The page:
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4 stars to City of Heavenly Fire (Mortal Instruments #6) by Cassandra Clare

Published June 2, 2014 by katheryn13

Lives will be lost, love sacrificed, and the whole world changed in the sixth and last instalment of the internationally bestselling The Mortal Instruments series.

Erchomai, Sebastian had said. I am coming.

Darkness returns to the Shadowhunter world. As their society falls apart around them, Clary, Jace, Simon and their friends must band together to fight the greatest evil the Nephilim have ever faced: Clary’s own brother. Nothing in this world can defeat him – must they journey to another world to find the chance?

Review:

Let me just clear this up: I was going to rate this book 3.5 stars. That was before the epilogue. I’ll just call this my “disclaimer” :P

So the end has come, and I guess we all knew it would happen. Would Sebastian aka Jonathan Morgenstern win the war? Would he rule all of hell and earth and whatever else he was planning?

A little part of me hoped he’d redeem himself. But alas it was not to be. I won’t say any spoilers, though that is going to make reviewing damned difficult because SO much happened.

I’ll get the negatives out of the way. I felt for the first half or three quarters of the book not a lot actually HAPPENED. Oh don’t get me wrong, lot’s went on, people did stuff and said stuff that were both bad and good, but the phrase “you say a lot without actually saying anything” comes to mind. Lots went on but not a lot actually happened. As in, I felt like I was being dragged around a playground for hours until suddenly there was a bump in the road. I dunno, bad analogy. Edit: I just remembered to add there were a couple of continuity problems and also the pacing…I don’t know if it was just me, but it felt off.

Then about half way, things started to get real. The ‘gang’ as I like to call them, travel into an unknown realm, which is basically…hell. They roam hills and vast desert, and encounter demons. This was the most interesting bit in this section for me, when they first arrive, and they each fall into a dream where their hearts desire come true. Although it’s not really their desire, as they each find out. I thought that added a nice twist, as opposed to just entering hell and it being a bit anti climactic.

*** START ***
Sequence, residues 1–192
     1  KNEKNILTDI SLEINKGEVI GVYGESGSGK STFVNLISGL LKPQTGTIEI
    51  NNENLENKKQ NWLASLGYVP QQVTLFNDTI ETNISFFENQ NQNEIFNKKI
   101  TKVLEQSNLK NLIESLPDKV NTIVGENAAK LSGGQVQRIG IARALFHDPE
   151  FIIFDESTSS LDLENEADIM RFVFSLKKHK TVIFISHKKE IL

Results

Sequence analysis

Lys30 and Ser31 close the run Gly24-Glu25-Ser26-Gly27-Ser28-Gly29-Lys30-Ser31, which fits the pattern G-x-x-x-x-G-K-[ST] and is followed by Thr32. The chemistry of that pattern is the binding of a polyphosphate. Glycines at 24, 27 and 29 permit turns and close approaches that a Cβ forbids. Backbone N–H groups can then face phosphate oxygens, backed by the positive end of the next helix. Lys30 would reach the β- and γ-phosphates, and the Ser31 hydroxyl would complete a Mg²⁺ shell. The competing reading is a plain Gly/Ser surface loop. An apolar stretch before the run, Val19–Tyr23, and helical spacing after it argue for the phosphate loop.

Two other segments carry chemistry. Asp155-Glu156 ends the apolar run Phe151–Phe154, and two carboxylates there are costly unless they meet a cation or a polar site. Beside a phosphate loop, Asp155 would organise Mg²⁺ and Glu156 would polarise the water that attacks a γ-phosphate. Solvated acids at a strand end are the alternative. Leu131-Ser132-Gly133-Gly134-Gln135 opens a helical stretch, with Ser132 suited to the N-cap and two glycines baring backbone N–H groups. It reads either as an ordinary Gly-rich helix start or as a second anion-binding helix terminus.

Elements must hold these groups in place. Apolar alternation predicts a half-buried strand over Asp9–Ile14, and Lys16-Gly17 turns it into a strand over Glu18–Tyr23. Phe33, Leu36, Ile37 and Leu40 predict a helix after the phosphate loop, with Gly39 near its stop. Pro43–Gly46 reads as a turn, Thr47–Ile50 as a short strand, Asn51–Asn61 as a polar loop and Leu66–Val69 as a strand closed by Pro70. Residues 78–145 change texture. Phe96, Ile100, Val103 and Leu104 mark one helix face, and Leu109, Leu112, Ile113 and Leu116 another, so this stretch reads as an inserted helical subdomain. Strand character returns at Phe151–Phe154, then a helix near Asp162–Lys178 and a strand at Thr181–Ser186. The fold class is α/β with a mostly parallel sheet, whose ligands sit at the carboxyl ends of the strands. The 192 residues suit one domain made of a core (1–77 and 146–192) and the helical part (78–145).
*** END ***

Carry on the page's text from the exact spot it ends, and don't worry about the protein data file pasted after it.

As much as I hated Sebastian…I still kind of liked him. I understood (although not in a personal way) that he just, ultimately, wanted to be loved. The problem was, he didn’t understand that that other person needs a good reason to love back and it can’t be forced. He thought by threatening and practically forcing Clary to love him, it would happen. Which is what made me like him, despite the crazy shit he did, he was deep down lonely.

Now, we all knew that two new characters (well a whole family, really) would be introduced into this book. Emma and Julian being the centre pair. I understood why Cassie did this, because of her releasing a new Shadowhunter series in 2015. But…now here’s where my opinion might be unpopular. I didn’t particularly like how much they were in it. I get that you can introduce them, maybe have them in a couple of scenes, but in my view, that should have been it. They took up too much room and imo were quite boring. I felt zero feelings towards them, and it really bugged me. More because I had to drag myself through the long chapters they were in just to get to good stuff. I realise that I don’t have to read the next series, and I may not, but for an end of series book for the characters we already know and love, adding these new people for as much as she did, was a bit unnecessary.

Shoot pellets at me if you like.

Magnus as always was someone I hoped survived. Although in contrast to other books in the series, his part wasn’t that big. The wolves seemed to be more of a focus, which I guess yeah is okay, but I’ve never been a big lover of werewolves (long story) and so this put me off, but I was sad when a certain thing happened. Actually, two certain things, but that’s unrelated to the pack. *remembers not to spoil*

Onto the epilogue and this is where the dull parts of the book are redeemed because what happened at the end of the book broke me. I was sad, no tears though. Just…sad. Until epilogue and dammit, you got reminders of the Herondale family and a certain blue eyed boy and I’m like “WILLLLLLL I MISS YOU!!!” but yknow, that’s another story. Literally. hehe.

I just loved (and hated) all the references to the characters in TID and especially mentions of  certain ghost in the London Institute. (if you’ve read that series, you’ll understand.) but this is what made me cry. In some ways, I felt a stronger attachment to them than the Mortal Instruments crew.

I guess there’s not much else I can say. I enjoyed this book…well, most of it. Despite the whines and complaints, it was a good ending to a very good series. I’m glad nothing major happened, although some things were pretty scary. There were so many laughs, which was nice, it lightened the tension, and many twists and turns.

Looking forward to what Cassie next has in store for us…

Kat

4 stars to Days of Blood and Starlight by Laini Taylor

Published May 15, 2014 by katheryn13

Once upon a time, an angel and a devil held a wishbone between them.

And its snap split the world in two.

Once upon a time, an angel and a devil fell in love and dared to imagine a new way of living – one without massacres and torn throats and bonfires of the fallen, without revenants or bastard armies or children ripped from their mothers’ arms to take their turn in the killing and dying.